How does the Bible teach us to wage spiritual war?
Let us understand that we can win spiritual battles if we are willing to use the right handbook.
We will look at the Holy Spirit's work, the restoration between God and humanity, the slanderer and how Jesus waged spiritual war.
The Holy Spirit’s work
Jesus was reported as being full of the Holy Spirit (Luke 4). What happened? The phrases “full of the Holy Spirit” or “Spirit filled” are often misused today. The Holy Spirit’s work was mentioned in this chapter three times. Each time different circumstances were described and it helps us understand some aspects of the Holy Spirit’s role in Jesus’ ministry. The first time in verse 1 when the phrase “full of the Holy Spirit” was used, it was associated with Jesus being led by the Spirit into the wilderness for a period of temptation and fasting. Then in verse 14 Jesus was again portrayed “in the power of the Spirit” and teaching. The third time verse 18 revealed the Holy Spirit as being upon Jesus for preaching. This chapter described the Holy Spirit’s work in Jesus’ preparation, teaching and preaching.
How restoration begins
When relationships are broken, it takes a very long time and a lot of patience to restore them. If we have made major mistakes how do we begin to repair things? Humanity made a major mistake at the beginning. Our ancestors rejected God and we have followed the same path. That restoration began in Jesus and it began with a fast and resisting temptation (Luke 4:1-13). A time of fasting before assuming a major responsibility has been the habit of many of the faithful down through history. Resisting temptation is an ongoing struggle for Christians. Lust, gluttony, greed, laziness, anger, envy and pride are always around. Idolatry, hatred, theft, sexual unfaithfulness, dishonesty, gossip and more tempt us every day. Jesus resisted the devil by recalling Scripture. The word of God is a powerful weapon in the face of temptation.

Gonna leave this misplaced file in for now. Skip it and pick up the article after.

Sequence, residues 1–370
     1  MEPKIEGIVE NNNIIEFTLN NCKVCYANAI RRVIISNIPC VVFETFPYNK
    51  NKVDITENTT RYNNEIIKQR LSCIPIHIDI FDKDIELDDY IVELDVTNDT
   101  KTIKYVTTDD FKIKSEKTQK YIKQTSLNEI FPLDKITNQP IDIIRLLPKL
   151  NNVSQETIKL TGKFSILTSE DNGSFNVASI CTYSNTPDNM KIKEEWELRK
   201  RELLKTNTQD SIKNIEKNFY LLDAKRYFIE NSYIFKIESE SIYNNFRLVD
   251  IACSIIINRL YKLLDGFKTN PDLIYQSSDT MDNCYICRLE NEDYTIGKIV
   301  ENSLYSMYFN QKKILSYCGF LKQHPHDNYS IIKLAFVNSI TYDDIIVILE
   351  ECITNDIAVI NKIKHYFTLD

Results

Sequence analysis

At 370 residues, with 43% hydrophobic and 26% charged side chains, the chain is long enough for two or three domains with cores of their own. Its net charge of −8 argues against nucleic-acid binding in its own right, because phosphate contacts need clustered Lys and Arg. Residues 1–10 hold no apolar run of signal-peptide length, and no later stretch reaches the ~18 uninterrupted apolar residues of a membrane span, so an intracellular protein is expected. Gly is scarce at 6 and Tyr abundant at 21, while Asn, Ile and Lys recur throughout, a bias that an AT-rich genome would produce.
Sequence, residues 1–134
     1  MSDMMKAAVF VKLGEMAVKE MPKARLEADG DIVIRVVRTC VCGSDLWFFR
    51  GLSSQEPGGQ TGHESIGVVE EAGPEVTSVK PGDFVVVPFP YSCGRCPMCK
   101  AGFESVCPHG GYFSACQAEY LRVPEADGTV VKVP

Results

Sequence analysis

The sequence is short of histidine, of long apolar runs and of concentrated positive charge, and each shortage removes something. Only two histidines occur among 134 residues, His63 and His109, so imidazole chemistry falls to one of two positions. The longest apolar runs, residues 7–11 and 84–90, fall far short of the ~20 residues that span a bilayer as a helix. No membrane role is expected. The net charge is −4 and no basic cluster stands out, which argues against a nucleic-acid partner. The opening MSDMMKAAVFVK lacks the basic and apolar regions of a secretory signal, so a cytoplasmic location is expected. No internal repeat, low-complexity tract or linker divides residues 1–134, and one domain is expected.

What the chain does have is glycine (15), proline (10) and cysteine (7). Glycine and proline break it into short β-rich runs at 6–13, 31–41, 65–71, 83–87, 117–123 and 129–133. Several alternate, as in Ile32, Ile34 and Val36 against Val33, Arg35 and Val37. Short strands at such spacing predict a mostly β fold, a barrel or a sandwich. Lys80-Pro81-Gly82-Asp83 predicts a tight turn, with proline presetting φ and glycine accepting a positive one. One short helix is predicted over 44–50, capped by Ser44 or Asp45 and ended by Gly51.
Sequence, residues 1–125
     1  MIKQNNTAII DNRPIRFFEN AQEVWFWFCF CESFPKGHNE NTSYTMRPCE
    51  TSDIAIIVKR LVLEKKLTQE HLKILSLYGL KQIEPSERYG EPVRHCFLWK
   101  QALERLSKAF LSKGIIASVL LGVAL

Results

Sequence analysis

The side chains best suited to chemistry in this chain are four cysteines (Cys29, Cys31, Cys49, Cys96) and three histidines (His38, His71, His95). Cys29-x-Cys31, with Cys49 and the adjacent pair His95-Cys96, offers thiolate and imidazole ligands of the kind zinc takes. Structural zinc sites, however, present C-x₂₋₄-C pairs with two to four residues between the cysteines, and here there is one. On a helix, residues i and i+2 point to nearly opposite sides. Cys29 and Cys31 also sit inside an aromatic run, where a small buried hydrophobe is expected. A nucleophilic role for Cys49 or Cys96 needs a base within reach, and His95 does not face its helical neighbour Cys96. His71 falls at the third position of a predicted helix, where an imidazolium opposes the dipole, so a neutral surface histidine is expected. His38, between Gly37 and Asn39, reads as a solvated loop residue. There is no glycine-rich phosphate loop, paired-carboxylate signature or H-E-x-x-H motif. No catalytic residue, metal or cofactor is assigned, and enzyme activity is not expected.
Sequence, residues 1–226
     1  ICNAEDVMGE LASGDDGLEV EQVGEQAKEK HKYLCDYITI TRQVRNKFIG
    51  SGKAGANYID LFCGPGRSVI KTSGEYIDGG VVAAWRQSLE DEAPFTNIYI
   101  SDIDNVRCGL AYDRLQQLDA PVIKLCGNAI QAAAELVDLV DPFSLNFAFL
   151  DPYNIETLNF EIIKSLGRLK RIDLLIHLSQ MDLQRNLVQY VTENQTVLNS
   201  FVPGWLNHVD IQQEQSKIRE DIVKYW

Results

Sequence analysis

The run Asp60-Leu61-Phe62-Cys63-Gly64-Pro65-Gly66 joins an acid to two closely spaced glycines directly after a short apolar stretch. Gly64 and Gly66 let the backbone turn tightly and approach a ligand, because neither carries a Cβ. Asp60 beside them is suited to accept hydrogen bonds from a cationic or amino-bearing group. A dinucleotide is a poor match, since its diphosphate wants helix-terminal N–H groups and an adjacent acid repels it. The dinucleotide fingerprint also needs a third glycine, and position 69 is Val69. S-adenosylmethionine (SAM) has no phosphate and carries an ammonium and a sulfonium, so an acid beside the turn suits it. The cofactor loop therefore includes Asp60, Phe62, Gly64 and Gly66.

Enemies are a part of life. How do we deal with our adversaries? Our enemies sometimes tempt us to do seemingly good things, but with strings attached. When life seems to offer us something good it is always wise to consider the source. The adversary tempts us with power and prestige. When life offers us authority and status it is wise to ask at what cost. The antagonist tempts us to be reckless. When we are tempted to take a leap of faith, it is wise to ask if it is not in reality a leap of foolishness. The personality that Jesus confronted as he was being tested in the wilderness was a slanderer. That’s what the word devil means (Luke 4:1-13). How do we deal with the devil? We have a handbook for that. It’s called the Bible.
Jesus and spiritual war
Some advice given under the title “spiritual warfare” is more like ineffective superstition than biblical instruction and can even be potentially harmful in the reality of spiritual combat. The devil would love for us to go into battle with useless weapons. Paul’s advice on putting on the whole armor of God (Ephesians 6:10-20) and Jesus’ battle royal with Satan (Luke 4:1-13) are two examples of truthful material whereby we can achieve real victory in spiritual battles. The weapons of engagement in Jesus’ case were fasting and the word of God. Jesus described prayer and fasting elsewhere as effective tools against the forces of evil (Mark 9:14-21). To the Ephesians Paul also described the Holy Scriptures as a sword, an offensive weapon in combat. Prayer and fasting and Bible skill are tried and true weapons of spiritual war.
Jesus waged spiritual war using the Bible. How well are we versed in that weapon of battle against our enemy the devil?